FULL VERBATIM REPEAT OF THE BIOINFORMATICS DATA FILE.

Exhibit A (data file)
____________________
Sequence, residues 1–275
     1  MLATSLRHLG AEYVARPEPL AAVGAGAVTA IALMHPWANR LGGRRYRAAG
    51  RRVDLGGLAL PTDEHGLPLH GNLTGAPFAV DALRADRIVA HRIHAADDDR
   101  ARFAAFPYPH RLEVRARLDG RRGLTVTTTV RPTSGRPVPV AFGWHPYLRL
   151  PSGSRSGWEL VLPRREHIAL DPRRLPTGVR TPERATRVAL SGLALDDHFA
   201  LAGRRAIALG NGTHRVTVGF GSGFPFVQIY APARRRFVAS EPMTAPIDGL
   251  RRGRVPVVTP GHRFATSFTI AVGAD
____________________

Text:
Sequence, residues 1–275
     1  MLATSLRHLG AEYVARPEPL AAVGAGAVTA IALMHPWANR LGGRRYRAAG
    51  RRVDLGGLAL PTDEHGLPLH GNLTGAPFAV DALRADRIVA HRIHAADDDR
   101  ARFAAFPYPH RLEVRARLDG RRGLTVTTTV RPTSGRPVPV AFGWHPYLRL
   151  PSGSRSGWEL VLPRREHIAL DPRRLPTGVR TPERATRVAL SGLALDDHFA
   201  LAGRRAIALG NGTHRVTVGF GSGFPFVQIY APARRRFVAS EPMTAPIDGL
   251  RRGRVPVVTP GHRFATSFTI AVGAD